Max Weber Biography

Max Weber




Max Weber was born on April 18, 1881 in Biatystok,  the Russian Empire [now in Poland]. Weber emigrated to the United States and settled in Brooklyn with his Orthodox Jewish parents at the age of ten. He studied art at the Pratt Institute in Brooklyn, New York under Arthur Wesley Dow.  Between 1905 and 1908 he lived in Paris, where he studied at the Académie Julian and with Henri Matisse. While in Paris, Weber became a regular at the salon of Leo and Gertrede Stein and formed friendships with the artists Henri Rousseau and Pablo Picasso and other members of  the School of Paris.

Upon returning to New York in 1909, he became part of the city’s avant-garde circle and was one of the exhibitors at Alfred Stieglitz's  “291” gallery where the reception his work received in New York at the time was profoundly discouraging. Critical response to his paintings in a 1911 exhibition there. Art historianer Sam Hunt  wrote, "Weber's wistful, tentative Cubism provided the philistine press with their first solid target prior to the Armory Show." was an occasion for "one of the most merciless critical whippings that any artist has received in America."

Between 1909 and 1917 he painted many of his best-known pictures, including the Fauvist-inspired The Geranium (1911) and Chinese Restaurant (1915), a work created in the Synthetic Cubist manner. During this period he favored subjects such as skyscrapers and city interiors. In his figure studies he expressed the dynamism of the American city by fragmenting objects in motion.

Weber evidently was a prickly personality even with his allies. He and Stieglitz had a falling-out, and Weber was not represented in the famous 1913 Armory Show in New York because his friend Arthur B. Davies, one of the show's organizers, had only allotted him space for two paintings. In a fit of pique at Davies, he withdrew entirely from the exhibition. Other artists in the Stieglitz circle kept their distance, especially after Weber told people that there were only three indisputably great modern painters: Cézanne, Rousseau, and himself. "Almost without exception, they found him obnoxious: opinionated, rude, intolerant."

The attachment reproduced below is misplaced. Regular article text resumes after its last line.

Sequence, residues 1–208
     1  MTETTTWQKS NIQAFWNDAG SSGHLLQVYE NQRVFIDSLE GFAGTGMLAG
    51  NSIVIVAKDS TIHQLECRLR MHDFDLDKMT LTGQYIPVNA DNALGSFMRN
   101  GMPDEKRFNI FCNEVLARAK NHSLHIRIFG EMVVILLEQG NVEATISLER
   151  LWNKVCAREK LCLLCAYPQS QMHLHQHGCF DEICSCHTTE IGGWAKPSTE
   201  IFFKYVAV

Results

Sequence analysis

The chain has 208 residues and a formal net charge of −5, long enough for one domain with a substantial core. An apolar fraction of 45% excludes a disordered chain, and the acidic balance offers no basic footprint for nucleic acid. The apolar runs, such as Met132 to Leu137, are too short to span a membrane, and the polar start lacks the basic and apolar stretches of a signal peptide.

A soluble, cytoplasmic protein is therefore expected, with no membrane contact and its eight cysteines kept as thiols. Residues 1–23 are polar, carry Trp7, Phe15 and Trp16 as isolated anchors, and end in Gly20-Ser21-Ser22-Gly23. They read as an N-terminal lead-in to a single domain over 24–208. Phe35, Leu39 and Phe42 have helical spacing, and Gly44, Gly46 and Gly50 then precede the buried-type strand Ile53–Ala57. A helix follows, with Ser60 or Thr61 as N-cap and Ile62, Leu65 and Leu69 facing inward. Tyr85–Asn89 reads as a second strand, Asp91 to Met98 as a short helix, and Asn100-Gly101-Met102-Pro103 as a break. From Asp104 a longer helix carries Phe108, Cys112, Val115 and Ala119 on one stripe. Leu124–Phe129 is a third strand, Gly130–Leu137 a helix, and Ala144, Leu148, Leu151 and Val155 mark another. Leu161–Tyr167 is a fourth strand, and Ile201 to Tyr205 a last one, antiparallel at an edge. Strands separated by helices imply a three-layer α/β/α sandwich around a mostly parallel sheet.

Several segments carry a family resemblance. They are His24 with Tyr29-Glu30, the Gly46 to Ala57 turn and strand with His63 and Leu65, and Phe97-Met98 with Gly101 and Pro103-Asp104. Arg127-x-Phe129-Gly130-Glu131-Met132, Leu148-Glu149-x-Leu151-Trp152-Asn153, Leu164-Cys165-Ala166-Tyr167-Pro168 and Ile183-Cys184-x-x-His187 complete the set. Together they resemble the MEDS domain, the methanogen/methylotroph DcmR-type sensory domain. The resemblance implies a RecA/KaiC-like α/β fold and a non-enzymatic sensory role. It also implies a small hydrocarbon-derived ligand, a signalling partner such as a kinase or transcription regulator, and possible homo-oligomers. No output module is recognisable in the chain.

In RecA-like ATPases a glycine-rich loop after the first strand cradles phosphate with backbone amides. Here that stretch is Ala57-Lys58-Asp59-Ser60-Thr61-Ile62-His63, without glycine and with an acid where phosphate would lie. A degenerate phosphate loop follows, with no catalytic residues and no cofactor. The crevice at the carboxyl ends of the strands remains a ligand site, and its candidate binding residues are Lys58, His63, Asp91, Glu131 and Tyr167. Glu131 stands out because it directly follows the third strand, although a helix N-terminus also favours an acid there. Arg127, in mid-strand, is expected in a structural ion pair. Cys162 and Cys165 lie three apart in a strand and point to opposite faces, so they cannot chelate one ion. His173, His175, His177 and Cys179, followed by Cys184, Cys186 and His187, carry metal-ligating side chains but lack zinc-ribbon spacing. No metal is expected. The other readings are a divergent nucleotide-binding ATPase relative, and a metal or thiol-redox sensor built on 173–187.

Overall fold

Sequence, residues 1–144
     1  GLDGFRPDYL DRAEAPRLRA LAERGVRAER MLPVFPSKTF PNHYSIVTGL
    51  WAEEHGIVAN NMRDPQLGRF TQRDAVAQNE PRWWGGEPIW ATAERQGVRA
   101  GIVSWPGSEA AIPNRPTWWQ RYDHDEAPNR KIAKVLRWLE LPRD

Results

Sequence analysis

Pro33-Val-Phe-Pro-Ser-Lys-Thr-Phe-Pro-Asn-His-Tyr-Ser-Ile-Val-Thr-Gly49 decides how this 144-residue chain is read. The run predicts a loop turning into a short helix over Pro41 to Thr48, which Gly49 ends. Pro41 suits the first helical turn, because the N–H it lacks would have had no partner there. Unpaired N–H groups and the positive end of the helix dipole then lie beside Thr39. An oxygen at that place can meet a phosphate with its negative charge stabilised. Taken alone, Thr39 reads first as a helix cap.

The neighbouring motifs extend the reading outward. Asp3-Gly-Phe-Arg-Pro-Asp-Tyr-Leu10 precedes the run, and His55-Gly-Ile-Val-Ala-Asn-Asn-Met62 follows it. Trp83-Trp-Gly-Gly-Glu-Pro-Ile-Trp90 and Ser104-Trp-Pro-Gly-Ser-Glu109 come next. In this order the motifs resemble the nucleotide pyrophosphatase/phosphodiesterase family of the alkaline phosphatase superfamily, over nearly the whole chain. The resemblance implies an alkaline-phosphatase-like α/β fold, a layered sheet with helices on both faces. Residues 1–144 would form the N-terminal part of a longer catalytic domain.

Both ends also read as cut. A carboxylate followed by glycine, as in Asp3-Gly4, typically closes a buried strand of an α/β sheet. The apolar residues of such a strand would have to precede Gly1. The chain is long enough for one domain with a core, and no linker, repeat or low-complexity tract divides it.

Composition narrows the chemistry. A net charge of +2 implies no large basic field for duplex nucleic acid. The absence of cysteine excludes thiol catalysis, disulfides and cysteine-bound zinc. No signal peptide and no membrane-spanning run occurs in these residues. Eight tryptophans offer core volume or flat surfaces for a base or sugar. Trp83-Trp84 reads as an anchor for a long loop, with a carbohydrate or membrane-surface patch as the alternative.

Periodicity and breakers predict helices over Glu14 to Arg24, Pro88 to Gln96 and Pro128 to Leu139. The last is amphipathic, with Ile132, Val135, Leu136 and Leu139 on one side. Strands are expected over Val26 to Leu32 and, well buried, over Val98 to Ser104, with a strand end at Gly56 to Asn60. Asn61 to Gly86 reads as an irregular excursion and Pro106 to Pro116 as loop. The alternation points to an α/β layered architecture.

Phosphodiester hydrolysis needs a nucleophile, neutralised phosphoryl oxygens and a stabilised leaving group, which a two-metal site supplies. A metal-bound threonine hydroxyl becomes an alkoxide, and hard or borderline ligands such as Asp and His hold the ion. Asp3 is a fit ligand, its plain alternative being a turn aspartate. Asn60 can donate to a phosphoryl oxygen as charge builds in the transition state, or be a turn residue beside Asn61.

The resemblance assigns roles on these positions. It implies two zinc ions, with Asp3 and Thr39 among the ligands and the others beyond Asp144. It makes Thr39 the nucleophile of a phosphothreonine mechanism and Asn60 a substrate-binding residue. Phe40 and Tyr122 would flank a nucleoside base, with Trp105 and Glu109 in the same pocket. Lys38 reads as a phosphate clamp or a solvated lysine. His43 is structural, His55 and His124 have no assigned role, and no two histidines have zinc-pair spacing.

Weber’s work became increasingly representational after 1917, but he continued to be fascinated with the exploration of color and form. During the last 20 years of his career many of his paintings were based on Jewish subject matter, especially Hasidic themes. Like many immigrant artists during the 1930s, Weber became active in socialist causes and, in 1937, served as national chairman of the American Artists’ Congress, an antifascist artists’ group.

Weber taught at the Art Students League in New York, teaching a painting class that the young Mark Rothko attended. Weber’s publications include Essays on Art (1916) and Primitives (1926). While lecturing at the Clarence H. White School for Photography, Weber wrote his Cubist Poems that were to be published in 1914. In 1926, the artist released another collection entitled Primitives: Poems and Woodcuts." Weber designed the modernist-style binding for the book, as well as providing eleven woodcuts for the illustrations, first published by Spiral Press in a run of 350 copies, original editions are now rare.

Max Weber died on October 4, 1961 in Great Neck, New York.